STRIVING TO LEAD OTHERS!
Nicola Walsh writes on skills that must be learnt to become good leaders
More often than not, good leaders are great people – and it’s often lonely up there! Chicken Licken was a leader
who persuaded others to follow. However, her vision wasn’t shared and nor was it clear, and she led her team into the fox’s den. So make sure you know where you’re going at the outset… then motivate others to follow.
People taking up leadership roles at the beginning of the year need to have a clear vision of what they want to achieve beyond the next 365 days. They should invest time to review what’s already in place before making any changes – because as it may transpire, they may not need to make any changes at all.
Becoming an effective leader is a major challenge; it means that someone has recognised that you have the capacity to lead. Don’t ever forget that. Be wary. You will receive heaps of advice and the trick is to listen to all of it but rely on your instincts. That’s why you’ve secured the role – because someone believes that you (and not necessarily those around you) have the ability to lead.
However, you will need to actively seek the views of all those around you. So request feedback from all team members and not only those who appear the keenest to offer it. They will appreciate your gesture. So listen carefully.
Never believe that you know it all. Actively show that you are learning too. As a school principal in Sri Lanka, I learnt to wear a sari and wore it regularly. As a Westerner, my skills in draping the sari caused a great deal of mirth among my col leagues. But I also had many offers of help to improve my draping skills… and my teachers taught me. It became a reciprocal relationship. So be humble – show what you don’t know and be willing to learn from those around you.
Build a strong team by employing people who may know more than you. Show others that you rely on their experience and knowledge to help you make tough decisions. I regularly see long serving school leaders appointing much younger and inexperienced staff, as they’re fearful of conflict. This is a real shame for the school as it weakens the institution’s capacity to improve through healthy challenge and debate.
Experienced and critically evaluating staff with a passion who wish to see the organisation improve is what your team needs. The late father of advertising David Ogilvy once noted: “If each of us hires people who are smaller than we are, we shall become a company of dwarves; but if each of us hires people who are bigger than we are, we shall become a company of giants.”
Remember that as the person at the top, you ultimately hold the reins; but don’t use the power of authority to get your way. Exerting power over others is no longer the way to lead.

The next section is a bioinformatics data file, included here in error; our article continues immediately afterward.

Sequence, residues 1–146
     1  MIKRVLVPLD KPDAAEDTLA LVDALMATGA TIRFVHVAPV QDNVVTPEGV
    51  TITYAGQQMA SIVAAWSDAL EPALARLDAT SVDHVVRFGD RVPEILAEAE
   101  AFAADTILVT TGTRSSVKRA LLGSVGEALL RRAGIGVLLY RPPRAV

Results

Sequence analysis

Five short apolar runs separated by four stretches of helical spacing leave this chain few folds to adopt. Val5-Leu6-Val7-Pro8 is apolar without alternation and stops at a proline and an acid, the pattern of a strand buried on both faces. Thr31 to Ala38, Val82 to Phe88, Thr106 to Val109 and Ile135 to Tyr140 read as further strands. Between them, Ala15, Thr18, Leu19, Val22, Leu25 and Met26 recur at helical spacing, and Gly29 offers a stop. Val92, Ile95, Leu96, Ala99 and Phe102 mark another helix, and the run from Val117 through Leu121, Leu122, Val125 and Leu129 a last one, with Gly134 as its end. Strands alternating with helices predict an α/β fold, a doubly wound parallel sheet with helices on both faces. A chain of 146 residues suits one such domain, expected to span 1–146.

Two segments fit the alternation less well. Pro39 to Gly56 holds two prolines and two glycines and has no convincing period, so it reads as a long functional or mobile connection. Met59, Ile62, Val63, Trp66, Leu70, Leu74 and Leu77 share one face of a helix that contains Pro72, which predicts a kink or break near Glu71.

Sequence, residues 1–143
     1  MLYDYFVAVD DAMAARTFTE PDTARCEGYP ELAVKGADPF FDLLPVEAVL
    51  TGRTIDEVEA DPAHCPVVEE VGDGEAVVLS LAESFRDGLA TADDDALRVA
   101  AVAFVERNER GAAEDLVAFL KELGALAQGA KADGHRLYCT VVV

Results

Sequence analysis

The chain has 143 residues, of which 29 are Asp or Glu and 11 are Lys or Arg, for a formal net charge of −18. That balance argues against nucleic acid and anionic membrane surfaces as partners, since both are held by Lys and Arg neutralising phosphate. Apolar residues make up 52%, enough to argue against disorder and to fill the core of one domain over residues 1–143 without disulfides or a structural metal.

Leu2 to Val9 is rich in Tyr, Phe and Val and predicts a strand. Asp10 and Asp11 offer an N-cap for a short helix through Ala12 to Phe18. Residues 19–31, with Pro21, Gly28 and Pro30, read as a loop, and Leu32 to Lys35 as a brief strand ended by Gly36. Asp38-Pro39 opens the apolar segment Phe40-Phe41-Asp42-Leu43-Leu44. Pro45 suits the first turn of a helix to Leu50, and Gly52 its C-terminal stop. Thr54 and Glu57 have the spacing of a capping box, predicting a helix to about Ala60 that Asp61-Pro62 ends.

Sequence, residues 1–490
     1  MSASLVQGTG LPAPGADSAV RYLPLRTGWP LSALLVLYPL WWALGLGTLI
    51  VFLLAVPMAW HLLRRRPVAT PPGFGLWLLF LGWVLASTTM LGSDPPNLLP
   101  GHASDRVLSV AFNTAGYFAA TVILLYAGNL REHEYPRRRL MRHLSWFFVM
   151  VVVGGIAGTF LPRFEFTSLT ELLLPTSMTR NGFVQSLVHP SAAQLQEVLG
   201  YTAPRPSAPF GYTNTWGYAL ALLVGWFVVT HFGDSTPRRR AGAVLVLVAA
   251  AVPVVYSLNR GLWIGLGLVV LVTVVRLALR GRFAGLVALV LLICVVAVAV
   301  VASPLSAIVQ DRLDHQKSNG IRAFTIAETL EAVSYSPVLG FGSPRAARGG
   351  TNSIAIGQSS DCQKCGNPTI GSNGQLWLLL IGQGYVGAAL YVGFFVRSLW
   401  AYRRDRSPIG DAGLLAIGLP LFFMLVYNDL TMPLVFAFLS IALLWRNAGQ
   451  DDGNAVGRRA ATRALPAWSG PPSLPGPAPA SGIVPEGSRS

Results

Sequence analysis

I’ve seen leaders frequently intimidate staff with dire consequences for underperformance. But that’s not the way to develop high performers who believe in a shared vision and are committed to the long haul. Where there’s underperformance, seek the reasons for it and address them. That way your team will remain committed, feel supported and won’t be working in a climate of fear.
Once you recognise the capabilities of others, enable them to use their skills. Howard Schulz transformed Starbucks in the 1980s by believing that “people want guidance, not rhetoric. They need to know what the plan of action is and how it will be implemented. They want to be given responsibility to help solve the problem and the authority to act upon it.”
Schulz created an organisation where people’s contributions were seen as potential solutions to the problems and not the problem.
Poorly motivated and uninspired people can be the downfall of even the most amazing companies. Leadership is the key when empowering individuals to acquire the knowledge, skills, desire and opportunity to personally succeed in a way that leads to collective organisational success.
Being able to develop a team of people who devote their efforts entirely to the cooperative effort of the team is a highly valued skill. So be prepared to tread the boards and learn by being a positive team player.
Don’t rush into leadership too soon. How can you expect others to be responsive to your observations if they don’t believe you can do it too? Many professionals rise to the top in next to no time and admonish others for underperformance – but they haven’t a clue about how to do it themselves.
Ensure that your experience is relevant and use it to lead the team. Lead with a shared vision of where you want to go and empower others to help you. You’re all on the same journey. They’re the drivers too so be prepared to share the wheel.